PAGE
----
This residence multitasks as a house for an enterprising family of four, Dr.Achi Ashok, a leading gyneacologist in the city, Mr.Ashok Arunachalam, the founder and MD of a multispeciality hospital in South-East Bangalore, their two sons, Rahul, a medical student and Rakshit an engineering student, both aspiring musicians too.
The house is organized in overlapping spatial categories split into three levels. The materiality is arranged in crisp clear planes that are articulated in italian marble, local hardwood and concrete. While the materiality of the opaque surfaces is highlighted as light picks up the various textures of these different planes, transparency within the residence is achieved by a combination of skylights and pockets of gardens, through reflections and modulated natural light. The project is a confluence of notions of nature, culture, family and modernity.
Challenge 1 When the clients walked into our office, they had a design for which construction had progressed until the foundation stage. Since they were not in sync with the previous planning, they wanted us to take over and compelte it with relevance to their requirements. So it was indeed a challenge to work on an already existing foundation framework and manipulate it to suit a new plan with brand new spatial definitions.
Challenge 2 The couple being busy and successful entrepreneurs, a huge part of the challenge was to engage with them in multiple productive discussions and thoroughly understand their requirements from their cultural and social perspectives. These discussions greatly influenced detailing of the project.
So, What did we conclude?
The challenging brief demanded a high level - idea based, quick design concept that would reflect their strong sense of culture and social life. We also had to draw on a relevant, practical implementation plan for the project to get it executed within a realistic timeframe.
Since the part of the basement retaining wall and foundation was already constructed, our first interference was to carefully study the structural drawings and establish the stability & quality of strucutre that had been built so far. Once the stability of established satisfactorily, we moved on to redesigning the plan within the existing structural framework.
1: The Tilt : Since the site was a corner plot facing the north and the west, flanking two main roads, our idea to tilt the shell was just what the corner needed. Our form presented a dynamic corner as one approached it from either ends of the road
2: The Triangular Pockets : The tilt led to many triangular pockets around the periphery of the plot as the tilted planes met the perpedicular boundaries of the plot. These pockets began dictating our design of the spaces within the hosue leading to a continuous dialogue between the inside spaces and these outdoor pockets.
3: The Envelope : The Northwestern facade will experience heat and light. We proposed an envelope that would wrap this facade at chosen sections of the facade to reflect the harsh heat away and also something that would offer washed lighting within the room. We designed a facade that would define an elegant, contemporary and new external aesthetic.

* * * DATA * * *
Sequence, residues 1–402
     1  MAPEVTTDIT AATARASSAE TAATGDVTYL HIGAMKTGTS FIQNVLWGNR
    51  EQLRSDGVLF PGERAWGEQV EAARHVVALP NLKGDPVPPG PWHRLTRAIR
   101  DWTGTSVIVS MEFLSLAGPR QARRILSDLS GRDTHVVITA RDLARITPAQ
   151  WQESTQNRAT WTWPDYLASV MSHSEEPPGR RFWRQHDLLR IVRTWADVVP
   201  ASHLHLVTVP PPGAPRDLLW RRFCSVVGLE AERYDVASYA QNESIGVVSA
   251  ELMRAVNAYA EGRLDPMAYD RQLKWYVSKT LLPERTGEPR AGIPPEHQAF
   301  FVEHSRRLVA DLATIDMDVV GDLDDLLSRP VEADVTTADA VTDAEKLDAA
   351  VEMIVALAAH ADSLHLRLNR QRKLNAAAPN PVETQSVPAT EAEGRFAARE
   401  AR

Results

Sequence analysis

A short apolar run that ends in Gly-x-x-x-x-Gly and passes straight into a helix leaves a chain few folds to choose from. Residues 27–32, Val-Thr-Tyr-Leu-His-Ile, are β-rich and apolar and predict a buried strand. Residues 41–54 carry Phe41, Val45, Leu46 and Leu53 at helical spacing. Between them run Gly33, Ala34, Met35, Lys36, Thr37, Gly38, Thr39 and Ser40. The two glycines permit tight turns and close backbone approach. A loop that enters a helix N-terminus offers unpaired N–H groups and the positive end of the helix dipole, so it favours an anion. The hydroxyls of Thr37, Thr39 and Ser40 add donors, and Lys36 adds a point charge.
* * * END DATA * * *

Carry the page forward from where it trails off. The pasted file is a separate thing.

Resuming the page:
The entire planning in the ground floor was sequential. The sequences from entry at the gate to the exit at the kitchen services was designed and developed as a sequences of experiences, pause, layering, light and greenery. The scale of various spaces has been contained both 3 dimensionally and 2 dimensionally to ensure a horizontal and a vertical visual connect through the various floor plates.
The whole of the interior layout of spaces has been planned around the spiritual center of the house - The temple. We modelled it after the traditional easthetics of the South Indian Temples, with classic temple stone and brass embellishements. The minimal and contemporary carvings on the Teak wood doors and partitions add little details delivering a subtle yet strong resemblence to a traditional south Indian decor.
The Lounges : The house has a series of Lounges at various levels, each with its own definition of function. While a small welcome lobby flanks the main entrance to the house and is meant for quick conversations with visitors, the adjacent main lounge spans over 500sq.ft and opens into a reflective water pool for the more formal guests. The family lounge tucked on the first floor with its simple pastel decor is meant to be calming and also overlooks the main lounge and the temple from above rendering an instant visual and spatial connect accross the entire house.
The bedrooms : The house has 4 main large bedroom, each done up to suit the personality of the different inmmates. The master bedroom on the first level is kept minimal with sliding walk-ins and is finished with laquered glass shutters that subtley reflects light within the room. The island bed, mirror polished italian marble floor combine with a rich textured veneer ceiling to render a contemporary decor for the master. The bedroom for the two sons have decors to suit their personal tastes. Rahuls, a heavy wooden and white decor, rich and formal at the same time. Rakshits, A Lighter and a more playful decor with hues of blue, grey and warm browns.
The Gardens: Almost all spaces in the design open into their own little outdoor nooks. Each of these nooks have been painstakingly detailed to give the inmates a unique experience. While the formal living opens into a large reflective water pool with its own glass deck, the welcome lobby opens into a triangular garden with grey stone benches and sculptedaccessories over lush green lawn. The kitchen and the dining open into an outdoor double height garden, which also doubles up as a kitchen garden and a great space for barbeques.